Ruzena Bajcsy, University of California - Berkeley, Chair
Dr Ruzena Bajcsy is a Professor of Electrical Engineering and Computer Sciences at the University of California, Berkeley, and Director Emeritus of the Center for Information Technology Research in the Interest of Science (CITRIS). Her research areas include artificial intelligence; biosystems and computational biology; control, intelligent systems, and robotics; graphics and human-computer interaction, computer vision; and security. Prior to joining Berkeley, Dr Bajcsy headed the Computer and Information Science and Engineering Directorate at the National Science Foundation where she managed a $500 million annual budget. As a former faculty member of the University of Pennsylvania, she also served as the Director of the University’s General Robotics and Active Sensory Perception Laboratory, which she founded and where she Chaired the Computer and Information Science department.
Dr Bajcsy is a member of the National Academy of Engineering and the National Academy of Science Institute of Medicine as well as a Fellow of the Association for Computing Machinery (ACM), the Institute of Electronic and Electrical Engineers, and the American Association for Artificial Intelligence. She received the ACM/Association for the Advancement of Artificial Intelligence Allen Newell Award, and was named as one of the 50 most important women in science in the November 2002 issue of Discover Magazine. She also received the Computing Research Associates Distinguished Service Award and the ACM Distinguished Service Award. Dr Bajcsy has served on numerous advisory boards and committees, including the President’s Information Technology Advisory Committee (PITAC) and the Review Panel Chair for the Carnegie Mellon University Robotics Institute.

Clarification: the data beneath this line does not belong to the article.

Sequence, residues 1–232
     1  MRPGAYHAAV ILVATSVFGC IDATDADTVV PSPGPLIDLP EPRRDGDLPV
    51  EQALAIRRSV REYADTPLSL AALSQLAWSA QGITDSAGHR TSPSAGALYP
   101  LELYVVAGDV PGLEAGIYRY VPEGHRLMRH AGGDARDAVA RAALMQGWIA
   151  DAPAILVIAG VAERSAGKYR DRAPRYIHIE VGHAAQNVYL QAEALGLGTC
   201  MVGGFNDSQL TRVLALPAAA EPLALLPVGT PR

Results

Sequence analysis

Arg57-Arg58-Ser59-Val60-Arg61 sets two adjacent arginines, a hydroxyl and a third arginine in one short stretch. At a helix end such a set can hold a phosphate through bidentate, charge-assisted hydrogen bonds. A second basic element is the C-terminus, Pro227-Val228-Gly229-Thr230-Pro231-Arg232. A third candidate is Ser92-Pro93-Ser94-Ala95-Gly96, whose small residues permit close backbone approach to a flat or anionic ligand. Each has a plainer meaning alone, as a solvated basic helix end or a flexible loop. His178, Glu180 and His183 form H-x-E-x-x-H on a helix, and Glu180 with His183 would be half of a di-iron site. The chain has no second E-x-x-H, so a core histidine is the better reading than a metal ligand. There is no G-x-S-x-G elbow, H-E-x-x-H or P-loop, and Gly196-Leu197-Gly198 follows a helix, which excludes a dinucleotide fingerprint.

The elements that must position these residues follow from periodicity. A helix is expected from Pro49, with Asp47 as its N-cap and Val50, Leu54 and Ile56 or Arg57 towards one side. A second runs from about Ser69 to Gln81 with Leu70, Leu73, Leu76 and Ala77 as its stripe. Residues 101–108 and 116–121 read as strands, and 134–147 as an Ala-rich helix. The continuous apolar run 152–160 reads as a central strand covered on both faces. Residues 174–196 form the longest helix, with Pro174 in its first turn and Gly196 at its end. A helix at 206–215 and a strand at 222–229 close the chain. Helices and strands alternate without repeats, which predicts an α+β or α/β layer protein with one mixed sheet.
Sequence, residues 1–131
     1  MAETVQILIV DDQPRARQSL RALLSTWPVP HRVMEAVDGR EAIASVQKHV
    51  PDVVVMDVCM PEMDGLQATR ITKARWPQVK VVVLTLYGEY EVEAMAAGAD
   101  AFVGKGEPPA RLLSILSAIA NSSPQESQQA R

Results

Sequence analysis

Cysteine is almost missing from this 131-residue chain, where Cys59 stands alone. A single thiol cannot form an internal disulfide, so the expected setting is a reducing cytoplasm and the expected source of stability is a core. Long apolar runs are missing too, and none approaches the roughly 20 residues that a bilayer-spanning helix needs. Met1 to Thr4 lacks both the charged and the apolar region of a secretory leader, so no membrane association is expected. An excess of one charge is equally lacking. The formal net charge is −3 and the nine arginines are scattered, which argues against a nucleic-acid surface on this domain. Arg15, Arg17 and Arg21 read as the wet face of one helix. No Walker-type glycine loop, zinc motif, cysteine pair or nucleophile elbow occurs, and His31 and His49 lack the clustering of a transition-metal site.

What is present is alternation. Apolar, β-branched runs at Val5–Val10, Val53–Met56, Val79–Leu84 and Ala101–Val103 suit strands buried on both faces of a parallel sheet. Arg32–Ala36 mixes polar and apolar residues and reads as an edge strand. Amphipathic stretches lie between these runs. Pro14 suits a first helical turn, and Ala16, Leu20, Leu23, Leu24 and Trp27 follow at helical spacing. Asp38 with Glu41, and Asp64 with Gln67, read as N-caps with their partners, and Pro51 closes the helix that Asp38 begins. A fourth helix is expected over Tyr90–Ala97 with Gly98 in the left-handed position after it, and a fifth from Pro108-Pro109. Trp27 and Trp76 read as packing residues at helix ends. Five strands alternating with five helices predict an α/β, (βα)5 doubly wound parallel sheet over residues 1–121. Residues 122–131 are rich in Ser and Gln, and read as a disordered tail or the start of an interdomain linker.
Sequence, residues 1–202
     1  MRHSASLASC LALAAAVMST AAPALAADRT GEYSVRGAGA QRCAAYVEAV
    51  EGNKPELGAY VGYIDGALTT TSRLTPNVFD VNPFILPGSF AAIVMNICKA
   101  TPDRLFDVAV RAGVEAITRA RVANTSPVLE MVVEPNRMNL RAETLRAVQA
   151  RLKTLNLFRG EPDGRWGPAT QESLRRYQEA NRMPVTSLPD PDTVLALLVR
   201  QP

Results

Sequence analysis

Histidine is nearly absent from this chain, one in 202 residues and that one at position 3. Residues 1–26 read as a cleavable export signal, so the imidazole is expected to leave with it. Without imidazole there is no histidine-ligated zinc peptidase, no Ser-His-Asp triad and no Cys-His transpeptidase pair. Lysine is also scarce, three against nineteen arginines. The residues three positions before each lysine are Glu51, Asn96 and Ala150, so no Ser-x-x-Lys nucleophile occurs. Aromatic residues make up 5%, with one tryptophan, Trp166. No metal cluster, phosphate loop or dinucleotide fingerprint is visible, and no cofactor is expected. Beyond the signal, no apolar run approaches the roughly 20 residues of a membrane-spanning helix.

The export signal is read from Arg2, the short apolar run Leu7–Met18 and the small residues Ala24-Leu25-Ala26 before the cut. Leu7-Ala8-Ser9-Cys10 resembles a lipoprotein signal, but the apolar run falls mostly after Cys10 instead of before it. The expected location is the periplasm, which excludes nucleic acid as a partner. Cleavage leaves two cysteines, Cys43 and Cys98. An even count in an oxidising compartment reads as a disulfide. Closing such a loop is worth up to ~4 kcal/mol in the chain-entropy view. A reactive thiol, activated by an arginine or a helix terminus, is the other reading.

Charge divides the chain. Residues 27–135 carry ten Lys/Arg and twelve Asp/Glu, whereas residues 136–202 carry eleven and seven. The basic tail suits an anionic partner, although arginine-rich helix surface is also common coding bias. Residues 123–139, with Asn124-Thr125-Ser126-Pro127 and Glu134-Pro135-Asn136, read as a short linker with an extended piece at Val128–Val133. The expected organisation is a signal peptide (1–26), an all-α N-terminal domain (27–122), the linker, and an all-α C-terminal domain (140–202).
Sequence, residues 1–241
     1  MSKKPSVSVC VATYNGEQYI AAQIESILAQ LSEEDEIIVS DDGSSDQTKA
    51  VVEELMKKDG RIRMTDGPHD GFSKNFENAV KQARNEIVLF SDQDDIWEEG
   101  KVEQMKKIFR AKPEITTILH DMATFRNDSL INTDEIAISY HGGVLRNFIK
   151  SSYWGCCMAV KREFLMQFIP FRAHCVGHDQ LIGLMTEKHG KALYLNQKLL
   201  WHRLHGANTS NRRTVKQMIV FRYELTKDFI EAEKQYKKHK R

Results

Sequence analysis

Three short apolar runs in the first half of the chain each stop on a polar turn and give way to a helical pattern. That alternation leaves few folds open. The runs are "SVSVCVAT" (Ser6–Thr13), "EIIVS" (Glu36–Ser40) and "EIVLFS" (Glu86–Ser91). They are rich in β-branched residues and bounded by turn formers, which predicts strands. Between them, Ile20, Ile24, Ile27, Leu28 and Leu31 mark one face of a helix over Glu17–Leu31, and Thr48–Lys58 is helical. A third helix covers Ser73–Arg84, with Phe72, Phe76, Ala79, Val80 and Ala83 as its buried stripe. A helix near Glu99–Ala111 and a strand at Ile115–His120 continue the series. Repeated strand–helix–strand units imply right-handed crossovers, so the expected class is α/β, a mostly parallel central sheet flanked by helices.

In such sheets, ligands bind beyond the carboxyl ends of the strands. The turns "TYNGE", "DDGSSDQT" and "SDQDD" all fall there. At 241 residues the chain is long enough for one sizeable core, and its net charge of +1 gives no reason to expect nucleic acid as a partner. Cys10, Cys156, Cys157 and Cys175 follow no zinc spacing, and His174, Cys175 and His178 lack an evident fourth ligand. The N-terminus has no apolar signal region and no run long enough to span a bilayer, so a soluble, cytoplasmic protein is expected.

Dr Bajcsy has authored over 225 articles in journals and conference proceedings, 25 book chapters, and 66 technical reports and has served on numerous editorial boards. She received her Master’s and PhD degrees in Electrical Engineering from Slovak Technical University and her PhD in Computer Science from Stanford University.
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